But cases soon came in of men badly hit, in much pain. With them was borne a dead man, Sergeant Lawrence, D.C.M., a quiet and much-liked man. My Plymouth Brother friend came also, and sat aside, saying he could wait, as a stretcher-case was following him. As the doctor saw to that broken body, myE riend rested his wounded leg, and we had some talk. The long marches, the nights of little sleep, and the unsheltered days of heat and toil and wearied waiting for evening had tired him out. I want rest,’ he said, and I think the Lord knows it, and has sent rest along.’ All our men were brave and cheerful, but no more cheerful hero limped off through the bullets than my calm and gentle friend.
Wilson went out for a few minutes to see a man in the second line, hit in the groin. When he returned we had some cruelly broken cases in, and that nulla saw a deal of pain, and grew stale with the smell of blood. A fair number of bullets flew over, and there was the occasional swish of a machine-gun. Mules were killed far back in the second line, and men hit. But the nulla was safe. The misguided Turk shelled and machine-gunned the empty space beyond the railway.
Colonel Knatchbull came in and assured Wilson that the nulla was the best and most central place for the aid-post. He searched the front with his glasses. Then he said, Marner’s dead.’
The Leicestershires’ attack was held up in the hills. They asked for support, but none was available. They were told to advance as far as they could, and then hold their line till help could come. The hills were thick with excellent positions. Every fold and dip was utilized by a scattered and numerous foe, to whom the ragged ground was like a cloak of invisibility. No artillery help could be given. We could only seize the ground’s advantage and make it serve as help to the attack as well as to the defence. It was here that Marner fell. C Company was sheltering in an ancient canal. Seeing a man fall, Captain Hasted called out, ‘ Keep your heads down.’ Almost at that moment Marner looked over, having spotted a sniper who was vexing us, and fell dead at Grant-Anderson’s feet. Though in falling he brushed against Hasted, the latter could not pause to see who it was ; nor did he know till he cried out, a minute later, that Marner was to move round the flank of the position immediately before them. Some two hundred yards farther on Second-Lieutenant Otter was struck by a bullet which went through both left arm and body, a bad but not fatal wound. But a gracious thought came to the Turkish gunners. Seeing us without artillery support from our own guns, they put two rounds of shrapnel over, the only shells on these ridges during the fight. These burst directly on the Turkish snipers, who did not wait for the hint to be repeated, but went. The Leicestershires topped the last ridge, and were on the plain before the station. Fowke and Service remained to guard the left flank, while Hasted went forward with the bayonet to clear the hills to the left. Fowke, watching benevolently the evolutions of certain horsemen on his left, received a message from our cavalry, ‘ Those are Arabs on your left, and are hostile to you.’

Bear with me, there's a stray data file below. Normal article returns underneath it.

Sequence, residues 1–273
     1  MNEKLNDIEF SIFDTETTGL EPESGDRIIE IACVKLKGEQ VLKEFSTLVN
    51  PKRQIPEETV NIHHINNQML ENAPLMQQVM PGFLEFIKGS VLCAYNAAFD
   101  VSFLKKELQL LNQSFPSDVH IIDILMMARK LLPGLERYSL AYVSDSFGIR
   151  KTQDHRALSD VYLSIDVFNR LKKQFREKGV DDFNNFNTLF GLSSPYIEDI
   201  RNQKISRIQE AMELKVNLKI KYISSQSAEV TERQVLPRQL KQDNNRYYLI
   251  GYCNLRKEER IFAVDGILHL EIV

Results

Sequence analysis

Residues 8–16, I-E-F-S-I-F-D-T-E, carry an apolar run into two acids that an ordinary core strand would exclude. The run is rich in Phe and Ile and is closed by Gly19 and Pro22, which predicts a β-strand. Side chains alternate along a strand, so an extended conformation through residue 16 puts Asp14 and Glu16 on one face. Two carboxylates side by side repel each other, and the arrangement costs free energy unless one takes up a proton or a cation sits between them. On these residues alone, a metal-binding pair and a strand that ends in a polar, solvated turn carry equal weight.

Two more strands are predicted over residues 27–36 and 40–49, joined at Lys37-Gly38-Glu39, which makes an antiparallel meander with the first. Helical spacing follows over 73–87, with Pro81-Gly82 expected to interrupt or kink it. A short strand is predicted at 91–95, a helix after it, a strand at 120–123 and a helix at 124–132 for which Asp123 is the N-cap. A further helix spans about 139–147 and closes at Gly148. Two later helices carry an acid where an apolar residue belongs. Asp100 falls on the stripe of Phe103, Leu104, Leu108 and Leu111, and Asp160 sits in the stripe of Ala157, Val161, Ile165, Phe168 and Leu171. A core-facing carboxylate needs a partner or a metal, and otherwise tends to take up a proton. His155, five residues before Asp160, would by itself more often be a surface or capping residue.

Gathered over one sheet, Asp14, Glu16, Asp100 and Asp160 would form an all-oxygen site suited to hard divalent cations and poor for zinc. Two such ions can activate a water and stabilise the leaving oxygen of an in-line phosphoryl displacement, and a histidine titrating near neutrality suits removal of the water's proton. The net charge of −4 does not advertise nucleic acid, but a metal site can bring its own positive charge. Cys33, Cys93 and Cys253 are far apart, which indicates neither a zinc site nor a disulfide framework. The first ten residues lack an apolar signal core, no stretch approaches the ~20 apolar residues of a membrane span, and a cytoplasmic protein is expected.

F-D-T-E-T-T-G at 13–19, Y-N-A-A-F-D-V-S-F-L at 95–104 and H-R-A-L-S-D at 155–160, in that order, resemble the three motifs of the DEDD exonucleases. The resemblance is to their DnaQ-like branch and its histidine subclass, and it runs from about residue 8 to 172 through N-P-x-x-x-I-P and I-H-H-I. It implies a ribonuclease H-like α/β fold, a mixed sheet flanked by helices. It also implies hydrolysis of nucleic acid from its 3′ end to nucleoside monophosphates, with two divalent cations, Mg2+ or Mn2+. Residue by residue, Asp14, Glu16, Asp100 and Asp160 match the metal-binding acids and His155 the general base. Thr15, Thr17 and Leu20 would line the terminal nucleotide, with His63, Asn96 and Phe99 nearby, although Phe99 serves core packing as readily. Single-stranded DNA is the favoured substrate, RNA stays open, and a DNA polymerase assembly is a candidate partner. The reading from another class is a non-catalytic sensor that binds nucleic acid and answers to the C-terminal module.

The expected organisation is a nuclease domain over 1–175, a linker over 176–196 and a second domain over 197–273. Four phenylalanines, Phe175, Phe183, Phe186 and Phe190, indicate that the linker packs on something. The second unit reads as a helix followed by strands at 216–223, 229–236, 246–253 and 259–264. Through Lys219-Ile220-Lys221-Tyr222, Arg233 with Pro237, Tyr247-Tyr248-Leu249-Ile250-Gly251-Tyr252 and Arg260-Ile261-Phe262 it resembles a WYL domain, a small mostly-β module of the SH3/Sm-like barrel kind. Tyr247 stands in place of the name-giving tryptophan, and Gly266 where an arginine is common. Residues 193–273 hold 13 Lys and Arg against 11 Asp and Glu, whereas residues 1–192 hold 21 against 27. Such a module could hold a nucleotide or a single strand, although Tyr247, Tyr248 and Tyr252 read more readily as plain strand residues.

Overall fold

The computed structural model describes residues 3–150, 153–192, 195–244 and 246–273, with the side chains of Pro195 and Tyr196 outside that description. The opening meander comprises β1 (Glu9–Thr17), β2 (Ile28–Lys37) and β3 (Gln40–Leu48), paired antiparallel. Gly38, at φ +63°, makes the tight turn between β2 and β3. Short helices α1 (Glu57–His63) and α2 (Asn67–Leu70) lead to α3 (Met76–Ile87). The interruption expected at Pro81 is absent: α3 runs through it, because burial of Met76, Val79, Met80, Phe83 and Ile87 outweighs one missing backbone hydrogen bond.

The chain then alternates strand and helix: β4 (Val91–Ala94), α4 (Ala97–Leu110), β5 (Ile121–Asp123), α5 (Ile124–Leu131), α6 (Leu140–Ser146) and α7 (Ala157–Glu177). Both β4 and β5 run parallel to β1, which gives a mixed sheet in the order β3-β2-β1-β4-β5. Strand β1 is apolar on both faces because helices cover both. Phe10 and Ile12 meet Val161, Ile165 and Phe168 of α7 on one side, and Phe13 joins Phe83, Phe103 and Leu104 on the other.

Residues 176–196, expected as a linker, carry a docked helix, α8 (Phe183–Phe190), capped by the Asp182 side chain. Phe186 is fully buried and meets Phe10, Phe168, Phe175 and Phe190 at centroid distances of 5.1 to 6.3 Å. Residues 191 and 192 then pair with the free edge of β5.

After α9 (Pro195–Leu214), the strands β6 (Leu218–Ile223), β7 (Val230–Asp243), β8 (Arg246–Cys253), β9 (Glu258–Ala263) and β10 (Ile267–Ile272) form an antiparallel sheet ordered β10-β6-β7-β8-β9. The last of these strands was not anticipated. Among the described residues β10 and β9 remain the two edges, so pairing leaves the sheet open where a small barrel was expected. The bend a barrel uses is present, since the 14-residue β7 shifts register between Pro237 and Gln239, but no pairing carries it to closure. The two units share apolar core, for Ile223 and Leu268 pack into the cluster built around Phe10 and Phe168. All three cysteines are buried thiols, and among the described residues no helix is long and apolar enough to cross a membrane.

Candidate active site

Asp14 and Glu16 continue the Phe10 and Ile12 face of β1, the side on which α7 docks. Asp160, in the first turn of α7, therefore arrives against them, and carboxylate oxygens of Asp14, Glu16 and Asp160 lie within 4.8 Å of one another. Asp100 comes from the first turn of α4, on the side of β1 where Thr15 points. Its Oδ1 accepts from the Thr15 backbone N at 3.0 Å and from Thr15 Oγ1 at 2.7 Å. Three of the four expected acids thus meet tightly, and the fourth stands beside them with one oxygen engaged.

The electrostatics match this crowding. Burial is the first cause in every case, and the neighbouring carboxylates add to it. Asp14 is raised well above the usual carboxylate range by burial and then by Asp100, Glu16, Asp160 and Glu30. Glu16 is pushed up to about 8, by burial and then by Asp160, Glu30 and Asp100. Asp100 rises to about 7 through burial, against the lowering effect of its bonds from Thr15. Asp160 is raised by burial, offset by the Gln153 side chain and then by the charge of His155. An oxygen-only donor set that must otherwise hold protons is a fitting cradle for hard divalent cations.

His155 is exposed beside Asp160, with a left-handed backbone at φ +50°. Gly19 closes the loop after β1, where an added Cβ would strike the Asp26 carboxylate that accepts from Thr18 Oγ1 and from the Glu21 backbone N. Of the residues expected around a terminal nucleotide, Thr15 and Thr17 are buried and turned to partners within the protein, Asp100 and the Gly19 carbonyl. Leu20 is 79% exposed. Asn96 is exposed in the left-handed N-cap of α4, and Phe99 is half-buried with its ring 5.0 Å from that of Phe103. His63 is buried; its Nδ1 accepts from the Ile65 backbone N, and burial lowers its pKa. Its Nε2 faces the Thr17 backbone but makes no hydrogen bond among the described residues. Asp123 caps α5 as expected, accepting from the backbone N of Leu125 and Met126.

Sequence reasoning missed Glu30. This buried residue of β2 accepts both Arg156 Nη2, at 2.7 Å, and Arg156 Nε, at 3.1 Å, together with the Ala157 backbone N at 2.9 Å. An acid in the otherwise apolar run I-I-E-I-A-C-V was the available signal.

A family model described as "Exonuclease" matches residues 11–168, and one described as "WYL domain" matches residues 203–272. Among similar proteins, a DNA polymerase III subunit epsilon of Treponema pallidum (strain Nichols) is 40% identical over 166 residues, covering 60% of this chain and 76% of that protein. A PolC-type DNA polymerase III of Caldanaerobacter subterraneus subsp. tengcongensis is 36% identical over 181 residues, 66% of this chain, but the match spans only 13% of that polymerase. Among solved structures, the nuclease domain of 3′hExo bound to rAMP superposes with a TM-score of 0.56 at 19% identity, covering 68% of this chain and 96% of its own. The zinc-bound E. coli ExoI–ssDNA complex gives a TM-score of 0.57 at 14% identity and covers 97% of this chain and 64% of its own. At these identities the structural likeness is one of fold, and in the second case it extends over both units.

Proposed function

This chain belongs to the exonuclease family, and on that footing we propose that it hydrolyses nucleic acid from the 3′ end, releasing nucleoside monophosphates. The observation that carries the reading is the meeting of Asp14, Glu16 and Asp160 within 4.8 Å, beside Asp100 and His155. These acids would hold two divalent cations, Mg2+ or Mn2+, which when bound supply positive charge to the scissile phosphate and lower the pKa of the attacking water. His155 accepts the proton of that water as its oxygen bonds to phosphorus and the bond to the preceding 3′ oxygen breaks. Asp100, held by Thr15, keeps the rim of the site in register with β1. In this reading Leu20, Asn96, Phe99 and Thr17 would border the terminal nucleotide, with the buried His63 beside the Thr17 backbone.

And now it would have meant a bloody advance for A and B Companies against those trenches in the open. But the Turks, held by the Leicestershires’ strong steady attack, had given insufficient attention to the movement threatening their left. The two Sikh regiments, though checked and held from time to time by rifle and machine-gun fire, used the broken ground with extraordinary skill. Their experience on the Afghan frontier had trained them for just such work as this. Rising ground was used as positions for covering fire, and every knoll and hummock became a shoulder to lift the force along. Their supporting battery had located the enemy’s gun-positions, and kept down his fire. One gun-team bolted, and the crew were seen getting the gun away by hand and losing in the effort. The Sikhs rushed a low hill, which had long checked them, and its garrison of one officer and twenty-five men surrendered. This attack was led by the well-known ‘ Boomer ‘ Barrett, colonel of the 51st. He slapped the nearest prisoner on the back and bellowed Shabash.’ The enemy’s resistance crumbled rapidly. A breach had been made in his defence, and the Sikhs poured through. They made two thousand yards, and did a swift left-turn. The enemy on their right slipped off, but the Turks in the trenches covering the station had left things too late. The 51st drove the foe before them to the north of the station, and the 53rd rushed the station itself, capturing eight officers and a hundred and thirty-five men, with two machine-guns. This was about 3 p.m.
Wilson now left his aid-post, and we came up the line. All the way the Turk was shelling the railway, but, by that fortunate defect of observation conspicuous throughout, shelling our right exclusively, for not a shell came on the left. We passed the enemy’s trenches and rifle-pits, which scarred some six or seven hundred yards of space before the station ; there were rifles leaning against the walls, with bayonets fixed.
The station had excellent water, a great attraction after the filthy wells of Sumaikchah. No one heeded that the Turk was dropping shells two thousand yards our side of the station. ‘ He always does that. It’s a sort of rearguard business. It’s the ammunition he can’t get away. He’ll be moving his guns quickly enough when we get ours on to them.’ But, as the official report afterwards observed, with just annoyance at the enemy’s refusal to recognize that the action was finished : ‘ During the whole of the afternoon and till dusk the enemy continued to shell the captured position with surprising intensity, considering what had been heard of his shortage in gun-ammunition.’ What happened, in fuller detail, was this.